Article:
Flying After Diving

Flying After Diving

When is it Safe to Fly After Diving?

We are asked this question often. When is it safe to fly? If I book a liveaboard that ends on Friday, can I fly on Saturday? If I make a dive on Monday morning can I fly Monday evening? Now, please remember that the question is covered in any beginners Open Water diving course. Only thing is, that the recommendations do change, and there are different numbers thrown about – 12 hours? 24 hours? 8 hours? And if you have forgotten this, it might be a good idea to do a refresher course! Here’s the current flying after diving recommendations from PADI and DAN.

  • Single dives – A minimum pre-flight surface interval of 12 hours
  • Repetitive dives or multiple days diving – A minimum pre-flight surface interval of 18 hours

The “single dives” recommendation does not affect us here really. All dive trips that we offer (day trips) include 2 or 3 dives, and liveaboards are all multiple day trips with 2 – 4 dives per day. So the figure you want to remember is 18 Hours. If are booking a typical 4 day liveaboard to the Similan Islands for example, the final dive of the final day is normally before lunch, after which the boat is cruising back to the mainland. So you are safe to fly by next morning. Some people prefer to wait 24 hours, it’s up to you – if your schedule allows, why not have a full relaxing day off before flying out? Be sure to check the itinerary of any trip you book so you know when the last dive will be, and you can plan flights accordingly.

Note: Following these recommendations reduces DCS risk but does not 100% guarantee that a diver will avoid DCS. There are of course other factors involved. A major factor in a hot country like Thailand is dehydration – make sure you stay well hydrated when you are on a dive trip. Read more here: Health and Fitness for Diving.

What about Diving after Flying?

There is no problem with diving after flying. There is no increased risk of DCS if you arrive on a flight and head straight to the ocean – DCS is caused by high concentration of Nitrogen in the blood after diving which can become supersaturated and form bubbles at lower pressures. Before you dive, you have a normal amount of Nitrogen in the blood. However, if you’ve taken a long haul flight, you may be dehydrated which is a factor is DCS. Make sure you drink plenty of non alcoholic fluids on a long flight to prevent dehydration. There is also a tendency for people to arrive in a hot country and head straight to the bar for a cold one. Please remember that alcohol contributes to dehydration, so take it easy on the beers!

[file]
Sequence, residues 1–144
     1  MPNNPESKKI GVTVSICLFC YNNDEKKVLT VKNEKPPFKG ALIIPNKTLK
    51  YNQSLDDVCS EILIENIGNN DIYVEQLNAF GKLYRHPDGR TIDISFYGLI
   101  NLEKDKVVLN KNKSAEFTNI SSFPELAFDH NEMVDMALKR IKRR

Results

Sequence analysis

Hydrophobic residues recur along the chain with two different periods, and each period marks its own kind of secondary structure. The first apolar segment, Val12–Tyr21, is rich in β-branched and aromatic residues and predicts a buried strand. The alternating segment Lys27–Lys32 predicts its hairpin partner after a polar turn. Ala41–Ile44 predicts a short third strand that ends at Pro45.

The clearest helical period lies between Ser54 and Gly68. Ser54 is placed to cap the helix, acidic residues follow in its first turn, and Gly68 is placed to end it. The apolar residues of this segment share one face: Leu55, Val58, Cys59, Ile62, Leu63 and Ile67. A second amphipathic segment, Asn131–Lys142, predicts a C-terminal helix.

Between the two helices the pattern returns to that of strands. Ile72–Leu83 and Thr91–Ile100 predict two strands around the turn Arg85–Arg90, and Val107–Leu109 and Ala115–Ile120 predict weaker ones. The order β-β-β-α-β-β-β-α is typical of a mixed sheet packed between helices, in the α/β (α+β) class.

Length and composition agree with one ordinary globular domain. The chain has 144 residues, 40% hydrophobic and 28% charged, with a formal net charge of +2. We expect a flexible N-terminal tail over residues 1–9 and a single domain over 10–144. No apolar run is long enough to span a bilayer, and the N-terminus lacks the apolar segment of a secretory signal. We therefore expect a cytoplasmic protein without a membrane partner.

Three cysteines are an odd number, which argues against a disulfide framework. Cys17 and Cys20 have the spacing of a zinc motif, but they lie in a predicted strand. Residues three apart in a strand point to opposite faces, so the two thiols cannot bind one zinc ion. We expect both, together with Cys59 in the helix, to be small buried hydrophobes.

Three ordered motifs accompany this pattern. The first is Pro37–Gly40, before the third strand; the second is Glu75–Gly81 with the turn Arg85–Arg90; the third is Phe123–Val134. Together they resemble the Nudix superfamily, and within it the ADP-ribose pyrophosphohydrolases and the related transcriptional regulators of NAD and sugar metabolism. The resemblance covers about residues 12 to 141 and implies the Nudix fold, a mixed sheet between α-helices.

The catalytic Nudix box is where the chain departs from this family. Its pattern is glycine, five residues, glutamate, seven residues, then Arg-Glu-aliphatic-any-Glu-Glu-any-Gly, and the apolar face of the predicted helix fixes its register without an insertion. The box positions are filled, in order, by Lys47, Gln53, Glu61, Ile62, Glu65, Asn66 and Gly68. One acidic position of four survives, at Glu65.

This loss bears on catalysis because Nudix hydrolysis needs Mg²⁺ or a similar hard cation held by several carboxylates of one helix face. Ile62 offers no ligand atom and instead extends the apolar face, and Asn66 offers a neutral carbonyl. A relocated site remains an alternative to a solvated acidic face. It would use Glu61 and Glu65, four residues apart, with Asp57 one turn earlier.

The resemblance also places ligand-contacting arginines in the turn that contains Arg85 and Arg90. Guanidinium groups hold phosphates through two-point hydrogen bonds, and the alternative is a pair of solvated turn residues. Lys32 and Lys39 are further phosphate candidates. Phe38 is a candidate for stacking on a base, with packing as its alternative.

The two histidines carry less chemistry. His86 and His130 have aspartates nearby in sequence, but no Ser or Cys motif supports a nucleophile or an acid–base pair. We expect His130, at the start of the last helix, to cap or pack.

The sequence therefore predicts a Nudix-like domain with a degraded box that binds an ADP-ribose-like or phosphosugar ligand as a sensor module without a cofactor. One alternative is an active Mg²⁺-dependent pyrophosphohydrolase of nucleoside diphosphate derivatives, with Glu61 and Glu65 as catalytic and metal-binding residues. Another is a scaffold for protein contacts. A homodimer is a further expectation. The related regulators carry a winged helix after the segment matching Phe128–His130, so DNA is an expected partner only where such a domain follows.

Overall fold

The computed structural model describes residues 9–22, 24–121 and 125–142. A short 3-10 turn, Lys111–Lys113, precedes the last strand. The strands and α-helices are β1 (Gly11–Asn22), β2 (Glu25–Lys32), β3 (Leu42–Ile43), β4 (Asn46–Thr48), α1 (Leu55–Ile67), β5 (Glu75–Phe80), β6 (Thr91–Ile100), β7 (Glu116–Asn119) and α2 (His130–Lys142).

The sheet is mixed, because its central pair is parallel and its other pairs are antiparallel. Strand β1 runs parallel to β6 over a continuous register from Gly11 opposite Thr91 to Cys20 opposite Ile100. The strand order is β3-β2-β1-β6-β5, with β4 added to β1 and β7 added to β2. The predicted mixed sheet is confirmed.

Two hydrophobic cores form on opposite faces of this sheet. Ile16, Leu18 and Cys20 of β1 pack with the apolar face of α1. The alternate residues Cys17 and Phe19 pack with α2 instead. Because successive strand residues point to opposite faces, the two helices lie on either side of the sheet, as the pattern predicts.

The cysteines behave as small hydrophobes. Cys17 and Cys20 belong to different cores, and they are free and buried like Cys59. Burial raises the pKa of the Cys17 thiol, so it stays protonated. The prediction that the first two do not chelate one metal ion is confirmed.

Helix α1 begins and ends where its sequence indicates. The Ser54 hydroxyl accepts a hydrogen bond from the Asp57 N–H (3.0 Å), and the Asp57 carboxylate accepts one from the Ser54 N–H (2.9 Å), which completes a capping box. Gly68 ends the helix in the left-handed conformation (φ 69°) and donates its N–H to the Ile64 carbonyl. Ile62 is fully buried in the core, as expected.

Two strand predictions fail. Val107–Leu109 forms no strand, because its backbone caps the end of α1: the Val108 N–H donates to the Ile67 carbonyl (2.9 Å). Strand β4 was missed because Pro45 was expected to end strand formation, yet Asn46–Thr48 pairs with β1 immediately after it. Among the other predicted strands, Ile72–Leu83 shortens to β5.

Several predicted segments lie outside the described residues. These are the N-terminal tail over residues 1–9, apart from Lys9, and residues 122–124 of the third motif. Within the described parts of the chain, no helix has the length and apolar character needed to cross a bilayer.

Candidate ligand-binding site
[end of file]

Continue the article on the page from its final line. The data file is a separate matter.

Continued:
Travel and Diving Insurance

We recommend that all divers have their own travel and medical insurance, as well as cancellation insurance. Be sure that your travel insurance policy covers scuba diving! However, prevention is better than cure, so dive safely, follow the rules, use tables and computers and stay healthy! For dive insurance look at DAN or Dive Assure. Or you can pay 250 Baht per diving day when making a booking.

Diving in Thailand

Sunrise Divers is based at Karon Beach, Phuket. We’ve been here since 1999. From Phuket and nearby Khao Lak there are liveaboards or day trips with dive sites and boats to suit all divers and all budgets. Most liveaboards depart in the afternoons, so you can fly in to Phuket the same day (remember : there’s no diving after flying rule!), and diving starts next morning after an overnight cruise to the Similan islands. When planning a liveaboard be sure you know when the last dives are scheduled so you can plan return flights. After a typical 4 night / 14 dive liveaboard we’d suggest a 24 hour break before flying to be sure you have cleared all that nitrogen out of your body. For more liveaboard information start here : Thailand Liveaboards, or contact Sunrise Divers. We also offer liveaboard trips in Indonesia.

Holiday in Phuket, Thailand

Holiday in Phuket, Thailand

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